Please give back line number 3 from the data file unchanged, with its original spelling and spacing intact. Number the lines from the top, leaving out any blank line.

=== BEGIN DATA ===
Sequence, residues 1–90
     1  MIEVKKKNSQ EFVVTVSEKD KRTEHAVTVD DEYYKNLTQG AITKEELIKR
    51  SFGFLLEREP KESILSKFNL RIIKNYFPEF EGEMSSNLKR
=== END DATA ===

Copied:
    51  SFGFLLEREP KESILSKFNL RIIKNYFPEF EGEMSSNLKR